We ate well with three recommendations by our host and then our own find on Canary Wharf. http://www.indiana.uk.com/ is very good, and I believe that there is a discount for those making reservations ahead of time. My wife thought that it was superior Indian food. http://www.gordonramsay.com/thenarrow/ is a Gordon Ramsey restaurant which is pricey for what if offers (£40.56 including the suggested gratuity in the bill for two dishes and one drink), but it has a great location overlooking the Thames. It’s also good for relaxing with a drink, which we did one evening (£9.60). http://camino.uk.com/ was a fine tapas restaurant (£58.22 service included automatically for 5 dishes and 2 drinks), and there were other types of restaurants to choose from nearby (most obviously a French rotisserie, a Chinese restaurant and an expensive Argentinean restaurant). Our host suggested http://www.amicobio.co.uk/ , which rang a bell with us because we ate at the mother ship in Naples when we were there. The London branch is more “standard” than the Neapolitan one which had a counterculture atmosphere. The food is very good. It is located close to the Smithfield market, next to St. Bartholomew the Great church.

A note on tipping: many restaurants now add an automatic service charge, sometimes called “service” and sometimes called a “gratuity”. It usually is more than 10%. Other restaurants do not add such a charge automatically and do not mention it, while others suggest how much the gratuity should be.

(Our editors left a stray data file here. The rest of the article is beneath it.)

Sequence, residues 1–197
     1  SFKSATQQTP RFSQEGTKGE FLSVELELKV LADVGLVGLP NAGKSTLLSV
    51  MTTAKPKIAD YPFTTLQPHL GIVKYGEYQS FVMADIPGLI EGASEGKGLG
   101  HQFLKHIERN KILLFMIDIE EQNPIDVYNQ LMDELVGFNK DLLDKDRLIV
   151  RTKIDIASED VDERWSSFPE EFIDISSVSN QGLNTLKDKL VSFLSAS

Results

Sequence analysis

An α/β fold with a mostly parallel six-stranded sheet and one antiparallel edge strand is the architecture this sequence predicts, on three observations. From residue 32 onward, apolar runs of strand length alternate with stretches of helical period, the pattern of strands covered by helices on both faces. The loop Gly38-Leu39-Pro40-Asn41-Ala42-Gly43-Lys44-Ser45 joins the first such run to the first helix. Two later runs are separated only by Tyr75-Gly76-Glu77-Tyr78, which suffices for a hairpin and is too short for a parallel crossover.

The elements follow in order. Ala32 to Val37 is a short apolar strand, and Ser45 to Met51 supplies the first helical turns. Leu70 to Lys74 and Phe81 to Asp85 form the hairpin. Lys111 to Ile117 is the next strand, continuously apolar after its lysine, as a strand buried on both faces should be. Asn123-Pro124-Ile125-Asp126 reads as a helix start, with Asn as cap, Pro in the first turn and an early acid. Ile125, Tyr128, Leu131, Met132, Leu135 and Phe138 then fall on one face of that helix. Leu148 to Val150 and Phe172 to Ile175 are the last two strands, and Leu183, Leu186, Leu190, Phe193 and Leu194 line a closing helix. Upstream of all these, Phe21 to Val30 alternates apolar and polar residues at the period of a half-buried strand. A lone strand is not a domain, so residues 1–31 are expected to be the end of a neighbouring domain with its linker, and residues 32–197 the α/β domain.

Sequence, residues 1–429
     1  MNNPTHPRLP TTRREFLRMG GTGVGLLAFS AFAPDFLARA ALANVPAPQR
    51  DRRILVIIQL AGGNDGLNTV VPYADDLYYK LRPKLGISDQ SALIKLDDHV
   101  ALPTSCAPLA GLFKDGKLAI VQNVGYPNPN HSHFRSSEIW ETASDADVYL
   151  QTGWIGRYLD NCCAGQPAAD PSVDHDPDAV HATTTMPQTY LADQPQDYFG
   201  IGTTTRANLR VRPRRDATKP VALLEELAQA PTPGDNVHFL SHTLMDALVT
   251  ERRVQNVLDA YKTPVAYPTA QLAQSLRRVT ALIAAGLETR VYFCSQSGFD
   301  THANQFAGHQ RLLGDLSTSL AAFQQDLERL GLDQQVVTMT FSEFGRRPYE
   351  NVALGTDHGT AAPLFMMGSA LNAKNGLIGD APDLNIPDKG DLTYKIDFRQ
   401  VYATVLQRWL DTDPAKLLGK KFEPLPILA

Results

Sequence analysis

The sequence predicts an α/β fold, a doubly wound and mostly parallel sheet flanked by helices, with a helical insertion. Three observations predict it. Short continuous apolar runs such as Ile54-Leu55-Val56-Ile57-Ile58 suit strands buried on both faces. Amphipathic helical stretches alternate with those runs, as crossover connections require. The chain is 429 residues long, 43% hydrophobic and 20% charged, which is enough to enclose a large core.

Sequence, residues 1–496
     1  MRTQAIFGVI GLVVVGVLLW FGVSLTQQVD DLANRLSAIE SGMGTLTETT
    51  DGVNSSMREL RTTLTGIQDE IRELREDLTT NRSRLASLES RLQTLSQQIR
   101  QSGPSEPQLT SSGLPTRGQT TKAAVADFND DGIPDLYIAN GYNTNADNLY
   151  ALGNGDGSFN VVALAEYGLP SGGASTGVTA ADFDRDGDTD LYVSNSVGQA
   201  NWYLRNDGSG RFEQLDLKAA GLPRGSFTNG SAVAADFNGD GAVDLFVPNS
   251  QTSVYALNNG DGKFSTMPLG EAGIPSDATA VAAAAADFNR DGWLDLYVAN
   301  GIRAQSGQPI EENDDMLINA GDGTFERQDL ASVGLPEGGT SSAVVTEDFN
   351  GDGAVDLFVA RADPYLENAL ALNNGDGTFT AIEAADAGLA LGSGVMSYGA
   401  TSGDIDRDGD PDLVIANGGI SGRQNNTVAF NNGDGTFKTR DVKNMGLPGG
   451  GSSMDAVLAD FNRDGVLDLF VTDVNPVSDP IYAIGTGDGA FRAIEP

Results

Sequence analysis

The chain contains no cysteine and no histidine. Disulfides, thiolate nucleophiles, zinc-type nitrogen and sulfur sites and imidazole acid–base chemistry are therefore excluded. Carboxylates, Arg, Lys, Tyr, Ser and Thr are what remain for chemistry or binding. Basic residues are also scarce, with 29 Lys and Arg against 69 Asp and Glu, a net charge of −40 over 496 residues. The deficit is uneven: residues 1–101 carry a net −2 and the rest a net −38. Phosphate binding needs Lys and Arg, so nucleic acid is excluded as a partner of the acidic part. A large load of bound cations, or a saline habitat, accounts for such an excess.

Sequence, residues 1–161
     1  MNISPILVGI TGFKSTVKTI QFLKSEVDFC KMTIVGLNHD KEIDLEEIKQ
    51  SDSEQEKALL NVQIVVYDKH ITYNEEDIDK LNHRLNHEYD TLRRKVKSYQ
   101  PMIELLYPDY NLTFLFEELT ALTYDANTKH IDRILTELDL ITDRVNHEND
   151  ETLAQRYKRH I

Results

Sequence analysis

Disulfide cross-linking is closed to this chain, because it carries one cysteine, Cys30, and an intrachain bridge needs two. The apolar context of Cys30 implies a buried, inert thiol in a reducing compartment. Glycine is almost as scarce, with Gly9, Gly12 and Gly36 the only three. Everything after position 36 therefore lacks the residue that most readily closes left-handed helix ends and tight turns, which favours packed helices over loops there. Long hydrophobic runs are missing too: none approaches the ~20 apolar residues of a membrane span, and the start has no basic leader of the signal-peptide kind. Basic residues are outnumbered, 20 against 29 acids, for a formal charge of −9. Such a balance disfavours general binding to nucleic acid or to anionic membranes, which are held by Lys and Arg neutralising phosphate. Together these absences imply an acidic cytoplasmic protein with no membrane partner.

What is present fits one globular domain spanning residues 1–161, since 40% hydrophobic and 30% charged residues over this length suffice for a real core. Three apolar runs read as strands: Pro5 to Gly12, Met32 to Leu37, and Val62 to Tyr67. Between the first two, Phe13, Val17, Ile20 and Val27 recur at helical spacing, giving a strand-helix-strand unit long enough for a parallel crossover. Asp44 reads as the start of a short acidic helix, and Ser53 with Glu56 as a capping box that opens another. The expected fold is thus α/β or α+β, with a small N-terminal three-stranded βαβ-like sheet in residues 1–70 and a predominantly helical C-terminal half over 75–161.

We saw Vermeer & Music exhibit at the National Gallery, which, as we suspected, was somewhat of a hype in that most of the paintings were from the same period but not by Vermeer; there were five Vermeers, which is impressive since only 2 dozen or so of his paintings have survived. On another day we saw the Turners at the Tate Britain; they are absolutely overwhelming.

We spent a day at Hampton Court, which has interesting interiors and some beautiful gardens. In the chapel we fell upon a docent who was particularly knowledgeable about the history of the chapel’s architecture. He was also a little disdainful of the royal crown on exhibit--it’s a copy. And one day we just wandered around, starting near Covent Garden and picked up some cheese to take to NYC at Neal’s Yard Dairy. This was the second cheese monger’s who was familiar with SF Rainbow Grocery ‘s cheese department, the first one was in Lyme Regis, which surprised us. But we felt that they immediately took us more seriously as customers because we clearly knew our cheeses.

From London we flew to New York into really hot muggy weather, stayed there 4 days and have been enjoying the cooling SF fog every since.

Photos of Lyme Regis: http://www.flickr.com/photos/mksfca/sets/72157634933769065/

Photos of Wells and Oxford: http://www.flickr.com/photos/mksfca/sets/72157634948078818/

Photos of London and Hampton Court: http://www.flickr.com/photos/mksfca/sets/72157623461378508/ (London itself is a compilation from several trips)